John Prine — “In Spite Of Ourselves” [Spotify/iTunes]

2. Allen Toussaint — Live In Philadelphia 1975

Allen Toussaint

The Last Waltz introduced me to Allen Toussaint The Arranger, and Matthew E. White’s interviews and Spotify listening feed helped me get to know Allen Toussaint The Influence, but I hadn’t really met Allen Toussaint The Performer until Record Store Day, when this live set was reissued. Predictably, that part of his personality is like the other parts — charming, entertaining, and close enough to flawless that you find yourself wondering if he ever makes mistakes. (Just a few months later, when I grabbed a copy of American Tunes while in Chicago for a wedding, I got to meet Allen Toussaint The Technician-Historian — he’s pretty great, too.)

Allen Toussaint — “Last Train” (live) [Discogs]

3. Gillian Welch — Boots No. 1: The Official Revival Bootleg

gillian-welch

If you buy into the Gillian-Welch-as-self-styled-Southern-person narrative, you’d probably call this album evidence of a crucial turning point in her persona definition. I tend to think we’re all constructs of the people we want to be, with varying degrees of consciousness about the whole deal. Having grown up in Norfolk — large military presence, friends’ families moving away and moving back, not all that rednecky but right near the North Carolina border — I understand how it feels to embrace Southern-ness consciously, selectively, and gradually, and I tend to feel a little defensive when people talk/write about her origin story. It’s weird, and I can’t tell whether I like this Boots album because of or in spite of that defensiveness. Probably a little of both.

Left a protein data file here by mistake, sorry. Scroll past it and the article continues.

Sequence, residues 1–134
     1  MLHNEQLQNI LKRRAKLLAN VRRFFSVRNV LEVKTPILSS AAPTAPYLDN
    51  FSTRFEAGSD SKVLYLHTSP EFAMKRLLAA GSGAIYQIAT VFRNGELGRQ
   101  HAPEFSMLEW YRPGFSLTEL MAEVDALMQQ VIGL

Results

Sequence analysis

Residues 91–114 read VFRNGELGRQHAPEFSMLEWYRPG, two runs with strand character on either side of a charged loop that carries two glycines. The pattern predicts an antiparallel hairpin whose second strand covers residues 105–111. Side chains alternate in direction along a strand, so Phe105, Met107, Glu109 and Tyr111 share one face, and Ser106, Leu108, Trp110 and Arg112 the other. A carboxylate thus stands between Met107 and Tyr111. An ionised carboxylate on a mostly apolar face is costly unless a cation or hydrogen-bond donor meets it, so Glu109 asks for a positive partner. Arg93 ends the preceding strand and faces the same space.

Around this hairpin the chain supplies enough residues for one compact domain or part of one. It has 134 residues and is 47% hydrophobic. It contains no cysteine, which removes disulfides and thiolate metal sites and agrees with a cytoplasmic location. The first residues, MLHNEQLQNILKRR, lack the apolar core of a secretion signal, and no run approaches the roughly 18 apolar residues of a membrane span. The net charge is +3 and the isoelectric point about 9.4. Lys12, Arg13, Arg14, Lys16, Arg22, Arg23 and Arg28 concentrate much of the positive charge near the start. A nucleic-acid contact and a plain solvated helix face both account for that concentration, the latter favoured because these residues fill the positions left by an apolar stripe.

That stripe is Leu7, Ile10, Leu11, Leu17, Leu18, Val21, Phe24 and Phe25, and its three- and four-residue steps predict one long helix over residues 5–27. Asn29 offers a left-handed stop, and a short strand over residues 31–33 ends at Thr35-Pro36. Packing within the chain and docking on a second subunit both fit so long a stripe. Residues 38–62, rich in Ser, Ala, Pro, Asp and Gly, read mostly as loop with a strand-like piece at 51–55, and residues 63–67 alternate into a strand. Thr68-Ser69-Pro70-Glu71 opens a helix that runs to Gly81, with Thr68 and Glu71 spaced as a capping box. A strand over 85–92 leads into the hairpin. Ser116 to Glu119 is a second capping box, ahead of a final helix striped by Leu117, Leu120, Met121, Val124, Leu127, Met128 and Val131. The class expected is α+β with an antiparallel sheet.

Gillian Welch — “Dry Town” (demo) [Spotify/iTunes]

4. Various — Why the Mountains Are Black – Primeval Greek Village Music: 1907-1960

why-the-mountains-are-black

Spooky tunes compiled and analyzed by legendary 78’s collector Chris King? Check. Cover art by R. Crumb? Check. Release party at Steady Sounds with King spinning 78’s from the second floor? Check. Something to play whenever we want to make Greek food and/or remember our trip there? Check.

Kalamatianos” (“Dance of Kalamata”) [Spotify/iTunes]

5. Jack White — Acoustic Recordings 1998-2016

jack-white

[knock, knock, knock] “Hi, I’m here for the alternate version of ‘Carolina Drama,’ and I’m not leaving until I understand the critical plot points.”

Jack White — “Carolina Drama (Acoustic Mix)” [Spotify/iTunes]

BONUS: Bob Dylan — The Real Royal Albert Hall 1966 Concert

bob-dylan

I hadn’t planned on buying this, but that giant 1966 box set has been looking more interesting by the day, and a used copy popped up on BK Music’s Instagram feed. I figure this’ll keep the box set at bay. For now.

Bob Dylan — “Tell Me, Momma” (live) [Spotify/iTunes]